What kind of question is that? And what does she expect me to say? That I love scrubbing people’s shit-stained toilets? Don’t even get me started on some of the bathrooms I’ve had the pleasure of bleaching from floor to ceiling. Rich people—or people rich enough to pay someone to clean their house for them—aren’t always as clean as one might expect.
I shrug and offer a tepid smile. “It’s a job. What about you? Do you work?”
Lauren bites her lip and scrunches her face, hesitating for a second. “I don’t.”
Of course not.
“My parents want me to focus on my studies,” she says, as if that makes up for her good fortune. “They said school should be my full-time job, so I get a monthly stipend as long as I keep my grades up. They did the same for my brother. They actually own this house. My brother lived here when he went to Meyer State and my younger sister will live here next year when she’s a freshman. My parents didn’t want to throw money away on rent, I guess. That’s their excuse anyway. If you ask me, I think it’s just a way for them to control their adult children.”
She huffs. I huff.
“Anyway.” Lauren shrugs, studying me, perhaps silently waiting for me to judge her. I keep a poker face.
“So what happened to the roommate before me?” I ask.
“I’ve never had one.”
“Okay. So, why now?”
Exhaling, Lauren says, “So that stipend? It’s based on my GPA. Last semester, I kind of got a little … distracted … and I failed a class. First time in my life. It was a seven AM on the north side of campus on Friday mornings. Anyway. It’s no excuse. I failed it. GPA plunged. Parents were livid. Chopped my stipend in half—essentially barring me from having fun. Their way of punishing their twenty-three-year-old daughter.”
“Oh.” Nice to know I’m scrubbing toilets so she can get wasted with her friends.
This explains everything. The lack of a deposit, the lack of a lease or a background check. She’s desperate for some supplemental income, willing to take in a stranger to maintain her cushy little life.
“Just to let you know … my parents won’t know you’re living here,” she’s quick to add. “And you’ll only be able to stay through May. Maybe July. Depends on how quickly I land a job after graduation. I hope that works?”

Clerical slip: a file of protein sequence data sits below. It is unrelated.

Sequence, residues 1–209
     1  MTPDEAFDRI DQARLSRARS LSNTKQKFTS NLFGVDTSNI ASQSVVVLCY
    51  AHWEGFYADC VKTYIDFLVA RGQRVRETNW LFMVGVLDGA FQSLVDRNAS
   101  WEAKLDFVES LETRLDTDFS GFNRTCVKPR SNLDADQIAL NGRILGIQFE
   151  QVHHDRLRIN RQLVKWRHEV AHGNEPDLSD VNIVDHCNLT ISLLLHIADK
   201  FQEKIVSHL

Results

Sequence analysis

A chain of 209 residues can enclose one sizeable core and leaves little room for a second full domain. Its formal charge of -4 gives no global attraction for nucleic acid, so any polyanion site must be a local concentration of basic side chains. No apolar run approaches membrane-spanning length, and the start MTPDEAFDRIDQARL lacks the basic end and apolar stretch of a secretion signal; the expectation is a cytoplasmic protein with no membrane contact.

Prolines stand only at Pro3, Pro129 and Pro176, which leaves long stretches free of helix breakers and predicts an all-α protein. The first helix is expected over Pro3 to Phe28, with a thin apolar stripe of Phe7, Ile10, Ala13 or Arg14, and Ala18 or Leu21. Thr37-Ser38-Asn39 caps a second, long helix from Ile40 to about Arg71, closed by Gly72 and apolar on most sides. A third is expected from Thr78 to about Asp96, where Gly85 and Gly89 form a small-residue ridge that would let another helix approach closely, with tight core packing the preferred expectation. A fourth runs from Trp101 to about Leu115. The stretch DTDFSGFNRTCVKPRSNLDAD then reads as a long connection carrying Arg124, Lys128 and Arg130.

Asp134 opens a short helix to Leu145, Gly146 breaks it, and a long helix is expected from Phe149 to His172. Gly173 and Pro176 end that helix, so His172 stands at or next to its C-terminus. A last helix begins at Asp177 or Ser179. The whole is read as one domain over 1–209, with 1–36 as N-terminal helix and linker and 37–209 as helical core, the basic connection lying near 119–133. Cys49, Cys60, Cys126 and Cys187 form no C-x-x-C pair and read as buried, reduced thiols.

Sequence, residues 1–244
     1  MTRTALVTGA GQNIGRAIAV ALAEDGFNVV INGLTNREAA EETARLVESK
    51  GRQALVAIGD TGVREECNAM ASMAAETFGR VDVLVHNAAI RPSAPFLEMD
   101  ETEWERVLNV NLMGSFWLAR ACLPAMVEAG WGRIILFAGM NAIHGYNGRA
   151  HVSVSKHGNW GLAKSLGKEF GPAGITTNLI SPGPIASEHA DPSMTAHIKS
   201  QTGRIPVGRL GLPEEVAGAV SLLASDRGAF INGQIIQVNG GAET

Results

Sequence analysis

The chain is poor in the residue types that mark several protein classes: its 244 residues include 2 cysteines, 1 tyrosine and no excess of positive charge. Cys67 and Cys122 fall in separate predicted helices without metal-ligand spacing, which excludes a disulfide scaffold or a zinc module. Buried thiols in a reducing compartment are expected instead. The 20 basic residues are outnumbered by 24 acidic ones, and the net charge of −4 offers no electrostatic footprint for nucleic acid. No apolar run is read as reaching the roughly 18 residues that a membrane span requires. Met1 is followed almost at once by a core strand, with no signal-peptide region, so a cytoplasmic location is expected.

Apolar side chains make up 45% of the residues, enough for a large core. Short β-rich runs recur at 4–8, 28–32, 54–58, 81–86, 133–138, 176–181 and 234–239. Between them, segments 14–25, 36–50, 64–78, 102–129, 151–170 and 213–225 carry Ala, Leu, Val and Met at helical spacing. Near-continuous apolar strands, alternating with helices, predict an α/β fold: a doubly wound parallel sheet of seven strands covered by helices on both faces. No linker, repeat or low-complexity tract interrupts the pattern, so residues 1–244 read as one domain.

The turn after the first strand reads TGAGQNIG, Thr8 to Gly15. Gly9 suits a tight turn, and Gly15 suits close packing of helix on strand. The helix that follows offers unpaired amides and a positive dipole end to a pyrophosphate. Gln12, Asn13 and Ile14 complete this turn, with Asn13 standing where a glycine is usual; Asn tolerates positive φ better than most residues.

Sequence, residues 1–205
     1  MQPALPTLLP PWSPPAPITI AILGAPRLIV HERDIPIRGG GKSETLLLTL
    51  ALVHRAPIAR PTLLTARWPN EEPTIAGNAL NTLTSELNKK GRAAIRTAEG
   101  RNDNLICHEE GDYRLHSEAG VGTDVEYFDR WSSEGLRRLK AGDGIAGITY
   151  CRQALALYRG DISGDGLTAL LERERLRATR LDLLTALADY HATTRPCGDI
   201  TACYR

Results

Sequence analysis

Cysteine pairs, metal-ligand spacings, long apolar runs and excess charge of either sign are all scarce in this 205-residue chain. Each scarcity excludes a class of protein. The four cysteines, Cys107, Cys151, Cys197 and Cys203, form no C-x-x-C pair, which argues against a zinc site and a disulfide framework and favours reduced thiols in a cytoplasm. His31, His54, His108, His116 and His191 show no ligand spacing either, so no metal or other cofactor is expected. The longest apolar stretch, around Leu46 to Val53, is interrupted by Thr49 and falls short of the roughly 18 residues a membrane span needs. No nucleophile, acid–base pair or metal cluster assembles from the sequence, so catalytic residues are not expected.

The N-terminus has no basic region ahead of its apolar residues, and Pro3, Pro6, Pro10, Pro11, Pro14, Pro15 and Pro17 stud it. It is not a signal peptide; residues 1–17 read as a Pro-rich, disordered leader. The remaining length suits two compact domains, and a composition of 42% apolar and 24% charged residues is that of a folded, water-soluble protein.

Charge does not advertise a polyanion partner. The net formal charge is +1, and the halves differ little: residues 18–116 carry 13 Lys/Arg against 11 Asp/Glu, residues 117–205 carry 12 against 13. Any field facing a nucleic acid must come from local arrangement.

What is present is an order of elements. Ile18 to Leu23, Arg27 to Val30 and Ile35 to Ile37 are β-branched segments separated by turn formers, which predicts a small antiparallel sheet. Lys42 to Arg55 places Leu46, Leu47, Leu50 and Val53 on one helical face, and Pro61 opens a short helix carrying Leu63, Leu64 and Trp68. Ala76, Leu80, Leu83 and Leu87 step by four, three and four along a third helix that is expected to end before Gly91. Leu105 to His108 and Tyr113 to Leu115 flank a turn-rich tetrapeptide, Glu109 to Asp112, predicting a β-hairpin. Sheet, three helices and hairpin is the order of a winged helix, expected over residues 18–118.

So, she likes me.
She’s choosing me.
Just like that.
“That’s perfect actually,” I say. “I’m graduating too. Hoping to get the hell out of here.”
I wear a smile that matches hers and we bask in a moment of mutual understanding for a single, endless second. Our desire to leave Bonnet Creek might be the only thing we have in common, but I’ll take it.
“You want me to show you around?” Lauren rises from her seat and straightens the hem of her top.
Returning my water to its floral napkin resting place, I stand. “Sure.”
Spinning on the ball of her foot, she struts across the small living room, toward a dark hallway. I follow. Flicking on the light, she says, “This house is, like, a million years old. It’s really dark. Windows are small. And your room is on the smaller side, by the way.”
My room.
“I mean, the room you’d be renting,” she clarifies. “If you want it.”
Stopping at the last door, she reaches her hand inside and gets the switch.
Clearly we have different definitions of “small.” This room is easily the size of my last apartment, complete with shiny wood floors, a double bed, a nightstand, dresser, and two curtain-covered windows.
“But you’d get your own bathroom—the hall bath.” Lauren’s words are rushed, as if she’s worried I’m having second thoughts. “I never use it.”
We step inside, and she shows me the closet, which is the smallest thing about this room. But it’s fine. I don’t have a lot.
“What do you think?” Lauren lifts her nails to her mouth, watching for my reaction. “It’s yours if you want it.”
“You sure?” I lift an eyebrow. We’ve known each other all of fifteen minutes, though I suppose living with strangers is kind of the college way.
“Oh my God, are you serious?” She laughs. “You’re everything, Meadow. All that stuff you told me? You’re the perfect roommate. Quiet. Studious. Polite. You’re a rarity in this town, do you know that?”
Yes. Well aware. And she’s kind to say that. I let her earlier words echo in my mind. No one’s ever called me perfect before—in any context.
It feels kind of … amazing.
As much as I try not to, I beam like an appeased idiot, my ego practically purring like a milk-fed kitten.
I know nothing about Lauren Wiedenfeld besides the fact that she treated me like a human being today, which maybe marks the first time in my collegiate history that anyone’s ever tried to have an actual conversation with me about anything, the first time someone’s ever been so engaged and interested.
She’s not the mean girl I expected.
“When do you want to move in?” she asks, bouncing on her toes and clasping her hands across her chest like an excited schoolgirl anticipating a slumber party. Not that I would know anything about that. I didn’t have friends in school. I just saw the way other girls would giggle and jump around Friday afternoons as they talked about the sleepover they’d been planning all week and whose mom was doing the picking up and whose mom was doing the dropping off.
“Is … now … okay?” I ask, exhaling. “My stuff is in my car. I moved out of my apartment a while back, and I’ve been staying at my mom’s, commuting back and forth.”
I have to lie if I want this place.